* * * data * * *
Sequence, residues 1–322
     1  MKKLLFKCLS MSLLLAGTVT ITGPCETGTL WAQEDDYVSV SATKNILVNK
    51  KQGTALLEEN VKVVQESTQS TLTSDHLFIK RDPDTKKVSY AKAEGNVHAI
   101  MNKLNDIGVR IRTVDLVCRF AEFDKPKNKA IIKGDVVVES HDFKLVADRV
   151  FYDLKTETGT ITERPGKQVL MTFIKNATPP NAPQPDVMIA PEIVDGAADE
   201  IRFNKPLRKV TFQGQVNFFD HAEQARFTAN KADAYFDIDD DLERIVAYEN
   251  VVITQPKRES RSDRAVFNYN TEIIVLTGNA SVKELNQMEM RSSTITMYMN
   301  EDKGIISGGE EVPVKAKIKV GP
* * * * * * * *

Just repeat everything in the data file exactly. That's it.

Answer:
Sequence, residues 1–322
     1  MKKLLFKCLS MSLLLAGTVT ITGPCETGTL WAQEDDYVSV SATKNILVNK
    51  KQGTALLEEN VKVVQESTQS TLTSDHLFIK RDPDTKKVSY AKAEGNVHAI
   101  MNKLNDIGVR IRTVDLVCRF AEFDKPKNKA IIKGDVVVES HDFKLVADRV
   151  FYDLKTETGT ITERPGKQVL MTFIKNATPP NAPQPDVMIA PEIVDGAADE
   201  IRFNKPLRKV TFQGQVNFFD HAEQARFTAN KADAYFDIDD DLERIVAYEN
   251  VVITQPKRES RSDRAVFNYN TEIIVLTGNA SVKELNQMEM RSSTITMYMN
   301  EDKGIISGGE EVPVKAKIKV GP